Published in

Nature Research, Nature Biotechnology, 7(40), p. 1082-1092, 2022

DOI: 10.1038/s41587-022-01231-3



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Single-nuclei isoform RNA sequencing unlocks barcoded exon connectivity in frozen brain tissue

This paper is made freely available by the publisher.
This paper is made freely available by the publisher.

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Data provided by SHERPA/RoMEO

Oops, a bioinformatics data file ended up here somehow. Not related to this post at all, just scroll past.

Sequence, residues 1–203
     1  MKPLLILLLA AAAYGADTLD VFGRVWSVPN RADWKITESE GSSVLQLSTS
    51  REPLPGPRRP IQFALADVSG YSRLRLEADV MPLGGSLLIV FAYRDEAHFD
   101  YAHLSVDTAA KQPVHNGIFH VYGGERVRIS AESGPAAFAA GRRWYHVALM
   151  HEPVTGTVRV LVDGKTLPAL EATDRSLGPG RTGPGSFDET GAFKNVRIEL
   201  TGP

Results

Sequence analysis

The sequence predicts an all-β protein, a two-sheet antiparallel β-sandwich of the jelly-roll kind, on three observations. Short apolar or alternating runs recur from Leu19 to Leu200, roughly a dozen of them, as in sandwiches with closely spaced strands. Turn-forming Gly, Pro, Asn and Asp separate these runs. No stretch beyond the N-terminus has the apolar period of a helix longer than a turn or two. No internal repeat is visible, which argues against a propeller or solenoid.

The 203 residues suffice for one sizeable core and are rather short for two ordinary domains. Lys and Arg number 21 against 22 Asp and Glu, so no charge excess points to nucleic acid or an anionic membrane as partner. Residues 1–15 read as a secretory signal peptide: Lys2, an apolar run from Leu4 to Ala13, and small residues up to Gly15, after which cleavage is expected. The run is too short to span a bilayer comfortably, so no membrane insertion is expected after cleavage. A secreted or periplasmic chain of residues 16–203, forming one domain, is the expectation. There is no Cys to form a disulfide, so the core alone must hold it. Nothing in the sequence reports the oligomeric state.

AbstractSingle-nuclei RNA sequencing characterizes cell types at the gene level. However, compared to single-cell approaches, many single-nuclei cDNAs are purely intronic, lack barcodes and hinder the study of isoforms. Here we present single-nuclei isoform RNA sequencing (SnISOr-Seq). Using microfluidics, PCR-based artifact removal, target enrichment and long-read sequencing, SnISOr-Seq increased barcoded, exon-spanning long reads 7.5-fold compared to naive long-read single-nuclei sequencing. We applied SnISOr-Seq to adult human frontal cortex and found that exons associated with autism exhibit coordinated and highly cell-type-specific inclusion. We found two distinct combination patterns: those distinguishing neural cell types, enriched in TSS-exon, exon-polyadenylation-site and non-adjacent exon pairs, and those with multiple configurations within one cell type, enriched in adjacent exon pairs. Finally, we observed that human-specific exons are almost as tightly coordinated as conserved exons, implying that coordination can be rapidly established during evolution. SnISOr-Seq enables cell-type-specific long-read isoform analysis in human brain and in any frozen or hard-to-dissociate sample.